When the watch arrived, it did appeal to me more than my previous cal.861 Speedy, but I wasn't satisfied with the 'washed' lume on the dial, so I promptly shipped it back to the UK to the master James Hyman to have the dial relumed - now I hear all the purists letting out a collective scream: "DO NOT RELUME YOUR VINTAGE WATCH!!!!"
I do know perfectly well that it will adversely affect it's resale value, but since I had no intention of selling it on, I felt no compelling reason why I shouldn't do whatever I wanted with it! =P

When I got it back from James it was much much better - but it was still not perfect - everytime I looked at it, the incorrect DN90 bezel bothered me immensely.
Trying to find a correct 'Dot Over 90' bezel is not impossible, but they were all super expensively overpriced.
Then I found one that was faded - extremely faded - in fact, faded enough to be termed a 'ghost' bezel.
There tends to be 2 distinct camps when it comes to ghost bezels, you either love it or hate it.
I, for one, love the 'I've had an honest, hard life' ghost bezel look - for sure a nicely faded ghost bezel is way more attractive to my eyes, than say, the flaked bezel of my previous c.861 Speedmaster 145.022-69 - so I took a gamble, emptied the wallet, bit the bullet, and bought the ghost bezel!
And while I was at it, I bought a correct, earlier 'pointy base' chrono hand to replace the later 'flat base' chrono hand of mine.
So when I finally put it all together....I was greatly relieved - my Speedy now looked pretty darn perfect!
It's by no means all original, but who cares!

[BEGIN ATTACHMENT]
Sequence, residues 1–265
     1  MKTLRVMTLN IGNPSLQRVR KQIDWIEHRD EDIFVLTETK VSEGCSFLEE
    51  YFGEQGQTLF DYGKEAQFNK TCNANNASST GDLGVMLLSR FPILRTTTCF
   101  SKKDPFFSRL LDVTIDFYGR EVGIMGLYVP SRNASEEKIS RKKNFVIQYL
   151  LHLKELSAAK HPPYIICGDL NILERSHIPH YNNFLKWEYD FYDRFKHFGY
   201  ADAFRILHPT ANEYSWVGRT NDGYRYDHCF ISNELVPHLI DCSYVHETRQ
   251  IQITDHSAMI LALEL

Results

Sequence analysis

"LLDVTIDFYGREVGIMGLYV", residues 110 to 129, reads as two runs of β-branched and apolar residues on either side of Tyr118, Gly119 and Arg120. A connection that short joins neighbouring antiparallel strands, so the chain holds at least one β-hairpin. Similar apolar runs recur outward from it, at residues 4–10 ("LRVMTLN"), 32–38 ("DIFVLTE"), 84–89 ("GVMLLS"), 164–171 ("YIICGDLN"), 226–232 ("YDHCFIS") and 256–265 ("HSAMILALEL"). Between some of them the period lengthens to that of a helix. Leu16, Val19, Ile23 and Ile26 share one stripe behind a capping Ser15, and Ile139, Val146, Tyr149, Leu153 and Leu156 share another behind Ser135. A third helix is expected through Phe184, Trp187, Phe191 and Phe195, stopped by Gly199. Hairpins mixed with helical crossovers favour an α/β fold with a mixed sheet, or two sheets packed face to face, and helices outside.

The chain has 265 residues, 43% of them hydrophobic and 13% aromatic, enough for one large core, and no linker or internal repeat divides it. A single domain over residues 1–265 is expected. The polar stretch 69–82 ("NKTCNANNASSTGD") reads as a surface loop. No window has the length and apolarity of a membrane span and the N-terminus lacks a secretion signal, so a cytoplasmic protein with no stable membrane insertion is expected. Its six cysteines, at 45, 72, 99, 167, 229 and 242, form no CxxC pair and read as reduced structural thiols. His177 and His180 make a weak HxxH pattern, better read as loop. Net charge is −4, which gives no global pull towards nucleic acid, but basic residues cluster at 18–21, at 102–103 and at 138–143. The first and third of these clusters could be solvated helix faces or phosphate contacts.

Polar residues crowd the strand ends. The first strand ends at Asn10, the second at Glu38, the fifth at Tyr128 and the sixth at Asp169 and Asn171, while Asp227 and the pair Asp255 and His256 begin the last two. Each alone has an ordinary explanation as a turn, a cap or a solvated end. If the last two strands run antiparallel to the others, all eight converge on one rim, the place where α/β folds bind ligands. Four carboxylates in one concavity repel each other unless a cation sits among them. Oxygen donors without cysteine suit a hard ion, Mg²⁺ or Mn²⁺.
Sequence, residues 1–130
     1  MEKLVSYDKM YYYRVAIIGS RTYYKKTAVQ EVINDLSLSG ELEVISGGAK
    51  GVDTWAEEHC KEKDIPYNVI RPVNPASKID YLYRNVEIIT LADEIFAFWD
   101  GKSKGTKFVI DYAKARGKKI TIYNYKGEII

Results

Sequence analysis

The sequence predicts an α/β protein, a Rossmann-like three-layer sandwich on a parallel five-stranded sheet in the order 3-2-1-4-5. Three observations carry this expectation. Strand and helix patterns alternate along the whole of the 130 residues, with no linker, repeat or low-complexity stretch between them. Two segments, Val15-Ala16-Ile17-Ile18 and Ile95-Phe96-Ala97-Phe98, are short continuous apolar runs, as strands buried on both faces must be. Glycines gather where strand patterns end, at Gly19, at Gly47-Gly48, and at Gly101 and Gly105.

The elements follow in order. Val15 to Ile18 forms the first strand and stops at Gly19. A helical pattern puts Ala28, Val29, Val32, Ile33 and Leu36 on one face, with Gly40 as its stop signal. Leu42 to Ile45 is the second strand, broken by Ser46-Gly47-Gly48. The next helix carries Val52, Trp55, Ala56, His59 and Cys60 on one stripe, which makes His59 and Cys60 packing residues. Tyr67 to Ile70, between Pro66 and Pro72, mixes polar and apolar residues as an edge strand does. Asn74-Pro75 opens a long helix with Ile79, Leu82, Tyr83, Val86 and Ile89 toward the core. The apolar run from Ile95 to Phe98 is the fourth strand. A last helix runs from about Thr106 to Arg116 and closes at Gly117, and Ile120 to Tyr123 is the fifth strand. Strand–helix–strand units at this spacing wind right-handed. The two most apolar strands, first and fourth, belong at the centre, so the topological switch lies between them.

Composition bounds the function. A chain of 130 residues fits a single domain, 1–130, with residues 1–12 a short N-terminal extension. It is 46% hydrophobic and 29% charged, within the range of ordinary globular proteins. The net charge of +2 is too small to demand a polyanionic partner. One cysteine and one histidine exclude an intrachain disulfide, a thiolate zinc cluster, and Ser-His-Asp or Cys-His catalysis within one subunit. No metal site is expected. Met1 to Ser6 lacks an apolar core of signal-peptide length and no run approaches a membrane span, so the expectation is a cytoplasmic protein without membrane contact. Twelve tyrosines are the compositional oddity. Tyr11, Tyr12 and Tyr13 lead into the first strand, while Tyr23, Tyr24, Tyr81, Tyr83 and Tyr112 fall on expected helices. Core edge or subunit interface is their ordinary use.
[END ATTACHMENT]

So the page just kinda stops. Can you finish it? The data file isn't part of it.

It's mine, it ain't going anywhere, and it looks absolutely lovely (albeit in a Franken kinda way)!!!

Monday, September 14, 2015

The Big Triangle, ST166.024 SM300, from 1969

One of my greatest watch dilemmas - what's the most iconic vintage diving watch?
The Seamaster 300? Or the Submariner?
My choice is perpetually evolving - one day the Sub might prevail, another day the preference may edge towards the SM300.
Submariners are literally a dime a dozen (well, not quite, but I'm sure you know what I mean), so I decided to hunt for a rather famous variant of the Seamaster 300, the 'Big Triangle ' variant of the ST166.024 - first released in 1967.
Now these SM300s are frequently faked, so potential buyers will do well to exercise some careful due diligence - there's many online resources to help you sieve out all junk - this blog post by Arne Rasmussen is particularly comprehensive.
Also, as these were often actually used for their intended purpose (ie. diving), rather than the Submariner which were often more treasured and pampered, many of these vintage SM300s show evidence of having lived a hard life, fully exposed to the elements.

This ad showed up one afternoon just as I was heading off to work...coincidentally, it was a local sale, and I even knew the seller! Problem is - I really really had to leave for work, and I knew that if I hesitated, it would likely be gone in the next couple of minutes.